Opinions on vote-based roles (and your unpreferred roles)

I am just genuinely curious. If I were to make a setup with many vote-based roles (e.g. Doublevoter, Restless Spirit, Thug, Vote Stealer, Conditional Vote-growing, etc.) and mechanics, would you be interested in playing it?

Would you join a (heavy) vote-based setup?
  • Yeah, sure. I’ll join.
  • I don’t mind joining. Though, I don’t know if I actually will, let alone if I can.
  • No. I really don’t like these kind of roles.

0 voters

Additionally, I would like to ask something else: I noticed in the most recent April Showers Overhaul that some roles were unfun to play as.

For example, Martyr was designed to die so Mafia can access the anti-claim -which was straight-up bad designing in hindsight-, and Lich was immortal as long as Martyr was alive which can be seen as Town members getting punished for doing their job of scumhunting.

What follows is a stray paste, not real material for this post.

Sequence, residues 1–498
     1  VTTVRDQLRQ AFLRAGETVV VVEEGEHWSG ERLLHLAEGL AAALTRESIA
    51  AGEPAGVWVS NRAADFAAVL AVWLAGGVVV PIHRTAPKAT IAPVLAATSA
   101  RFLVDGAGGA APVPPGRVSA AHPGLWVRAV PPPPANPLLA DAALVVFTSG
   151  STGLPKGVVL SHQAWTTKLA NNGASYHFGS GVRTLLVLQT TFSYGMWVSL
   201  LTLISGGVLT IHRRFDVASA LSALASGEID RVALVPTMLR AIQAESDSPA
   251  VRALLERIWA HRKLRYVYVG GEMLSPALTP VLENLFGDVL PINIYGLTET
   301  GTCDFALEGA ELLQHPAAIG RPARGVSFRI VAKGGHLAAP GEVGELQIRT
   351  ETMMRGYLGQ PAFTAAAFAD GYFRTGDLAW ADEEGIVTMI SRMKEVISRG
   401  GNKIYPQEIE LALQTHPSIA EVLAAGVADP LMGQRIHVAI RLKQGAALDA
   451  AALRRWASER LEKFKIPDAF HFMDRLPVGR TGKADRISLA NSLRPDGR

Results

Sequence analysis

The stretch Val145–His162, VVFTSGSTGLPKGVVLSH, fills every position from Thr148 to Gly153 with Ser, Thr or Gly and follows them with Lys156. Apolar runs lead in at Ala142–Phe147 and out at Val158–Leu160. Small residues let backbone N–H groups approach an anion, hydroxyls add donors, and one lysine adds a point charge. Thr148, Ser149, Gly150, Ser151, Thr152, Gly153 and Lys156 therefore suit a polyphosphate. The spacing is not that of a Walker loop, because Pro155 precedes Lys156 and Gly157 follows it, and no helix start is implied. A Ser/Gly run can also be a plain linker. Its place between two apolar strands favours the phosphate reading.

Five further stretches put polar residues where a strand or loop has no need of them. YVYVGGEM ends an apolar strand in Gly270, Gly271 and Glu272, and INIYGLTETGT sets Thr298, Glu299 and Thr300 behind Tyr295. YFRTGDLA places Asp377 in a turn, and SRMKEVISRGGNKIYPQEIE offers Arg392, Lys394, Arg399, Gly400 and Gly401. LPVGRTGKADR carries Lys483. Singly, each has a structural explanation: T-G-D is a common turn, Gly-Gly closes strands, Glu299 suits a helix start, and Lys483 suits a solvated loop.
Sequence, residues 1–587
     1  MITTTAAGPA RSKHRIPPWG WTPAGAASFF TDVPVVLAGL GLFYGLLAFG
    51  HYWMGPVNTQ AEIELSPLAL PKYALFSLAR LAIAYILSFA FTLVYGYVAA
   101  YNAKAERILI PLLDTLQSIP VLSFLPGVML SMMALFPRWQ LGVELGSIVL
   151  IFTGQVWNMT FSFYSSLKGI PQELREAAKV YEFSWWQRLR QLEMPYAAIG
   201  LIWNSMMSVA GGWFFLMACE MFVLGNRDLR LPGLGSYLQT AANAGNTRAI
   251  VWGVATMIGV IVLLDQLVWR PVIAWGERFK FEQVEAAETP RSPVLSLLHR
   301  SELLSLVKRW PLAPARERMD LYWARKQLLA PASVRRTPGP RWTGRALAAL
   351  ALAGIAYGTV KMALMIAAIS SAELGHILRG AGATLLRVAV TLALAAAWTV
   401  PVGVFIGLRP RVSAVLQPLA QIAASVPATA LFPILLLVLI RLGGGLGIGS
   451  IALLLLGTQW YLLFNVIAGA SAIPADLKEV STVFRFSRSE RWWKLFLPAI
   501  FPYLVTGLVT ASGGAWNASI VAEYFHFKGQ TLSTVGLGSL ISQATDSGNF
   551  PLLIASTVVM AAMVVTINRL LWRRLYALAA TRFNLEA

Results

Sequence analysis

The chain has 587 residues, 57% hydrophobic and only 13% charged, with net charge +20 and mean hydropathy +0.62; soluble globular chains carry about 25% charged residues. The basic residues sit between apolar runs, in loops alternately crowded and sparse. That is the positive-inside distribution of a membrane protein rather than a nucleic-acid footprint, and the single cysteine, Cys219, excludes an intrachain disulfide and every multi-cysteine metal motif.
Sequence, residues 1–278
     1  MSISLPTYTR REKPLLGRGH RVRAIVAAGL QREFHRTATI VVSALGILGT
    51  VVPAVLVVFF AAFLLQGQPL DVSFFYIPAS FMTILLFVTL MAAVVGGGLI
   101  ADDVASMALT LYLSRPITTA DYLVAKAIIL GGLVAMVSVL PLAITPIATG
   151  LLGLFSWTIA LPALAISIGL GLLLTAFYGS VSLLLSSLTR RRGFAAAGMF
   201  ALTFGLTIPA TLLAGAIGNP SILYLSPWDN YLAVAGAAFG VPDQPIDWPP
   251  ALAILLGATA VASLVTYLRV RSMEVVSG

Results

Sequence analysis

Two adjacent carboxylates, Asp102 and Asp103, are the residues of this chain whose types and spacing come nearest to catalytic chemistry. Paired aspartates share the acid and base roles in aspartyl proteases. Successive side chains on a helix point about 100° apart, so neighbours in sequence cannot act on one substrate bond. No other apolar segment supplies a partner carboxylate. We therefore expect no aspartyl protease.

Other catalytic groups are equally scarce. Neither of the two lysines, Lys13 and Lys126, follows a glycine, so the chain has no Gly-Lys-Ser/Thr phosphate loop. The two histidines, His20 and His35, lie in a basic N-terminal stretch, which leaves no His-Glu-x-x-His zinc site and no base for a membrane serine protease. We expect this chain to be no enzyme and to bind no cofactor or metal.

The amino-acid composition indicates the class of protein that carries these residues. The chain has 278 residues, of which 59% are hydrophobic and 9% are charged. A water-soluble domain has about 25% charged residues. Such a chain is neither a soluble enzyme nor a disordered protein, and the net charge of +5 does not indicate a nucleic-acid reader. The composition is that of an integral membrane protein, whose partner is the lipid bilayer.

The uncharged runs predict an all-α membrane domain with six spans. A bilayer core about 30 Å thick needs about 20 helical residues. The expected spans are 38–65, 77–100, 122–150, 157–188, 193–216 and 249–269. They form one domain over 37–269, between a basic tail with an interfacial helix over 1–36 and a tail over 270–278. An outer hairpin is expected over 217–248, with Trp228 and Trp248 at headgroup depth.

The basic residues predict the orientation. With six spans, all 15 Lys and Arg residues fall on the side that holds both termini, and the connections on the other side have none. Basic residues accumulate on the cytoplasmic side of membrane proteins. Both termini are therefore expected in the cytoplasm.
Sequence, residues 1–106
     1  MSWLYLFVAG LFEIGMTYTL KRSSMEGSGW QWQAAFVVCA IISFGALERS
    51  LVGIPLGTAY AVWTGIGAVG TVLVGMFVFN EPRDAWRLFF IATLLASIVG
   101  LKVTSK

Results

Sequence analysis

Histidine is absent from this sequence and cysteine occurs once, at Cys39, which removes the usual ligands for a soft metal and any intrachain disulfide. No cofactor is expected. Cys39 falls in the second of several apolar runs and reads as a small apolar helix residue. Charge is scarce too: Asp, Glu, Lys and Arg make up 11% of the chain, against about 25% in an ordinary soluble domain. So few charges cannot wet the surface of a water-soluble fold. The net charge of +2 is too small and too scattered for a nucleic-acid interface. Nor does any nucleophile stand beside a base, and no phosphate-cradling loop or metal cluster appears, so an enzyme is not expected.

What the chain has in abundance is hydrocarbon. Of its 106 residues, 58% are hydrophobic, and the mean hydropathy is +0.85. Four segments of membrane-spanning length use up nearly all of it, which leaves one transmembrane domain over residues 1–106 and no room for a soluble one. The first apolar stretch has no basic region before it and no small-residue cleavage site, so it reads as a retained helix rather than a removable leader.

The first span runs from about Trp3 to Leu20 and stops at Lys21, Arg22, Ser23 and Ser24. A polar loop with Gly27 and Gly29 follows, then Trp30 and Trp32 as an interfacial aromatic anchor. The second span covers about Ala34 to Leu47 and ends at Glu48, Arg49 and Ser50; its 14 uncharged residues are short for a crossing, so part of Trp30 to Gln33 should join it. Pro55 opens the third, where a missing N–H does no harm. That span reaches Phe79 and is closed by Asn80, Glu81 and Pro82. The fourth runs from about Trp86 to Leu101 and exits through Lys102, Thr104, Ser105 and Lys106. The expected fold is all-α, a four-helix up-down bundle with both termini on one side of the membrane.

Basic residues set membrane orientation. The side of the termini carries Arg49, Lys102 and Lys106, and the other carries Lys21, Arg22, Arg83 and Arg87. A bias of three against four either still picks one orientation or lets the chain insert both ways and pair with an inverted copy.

Aside from these roles, are there any roles which you dislike from my past setups, or role archtypes which you simply wish to avoid to encounter?

Note that I want to take note of which roles I should avoid, so (lack of) mechanics such as the anti-claim in April Showers Overhaul are hereby not taken to account.

I generally dislike percentage roles, particularly impactful percentage roles, where something important can or can’t occur depending on a metaphorical roll of the dice. Furthermore, while other roles seem like cool concepts, they sometimes promote weird playstyles (like the Spartacus Backup) which might end up annoying other people.


What if said roles were designed to promote weird playstyles, as a form of “cost” for activating their (presumably powerful) abilities?

I see it as an odd form of deterrent for people to use their abilities, but I generally always keep an open path for people to ignore the role in rolemadness, so they can play the game as Pseudo Vanilla. (Keyword: “generally”)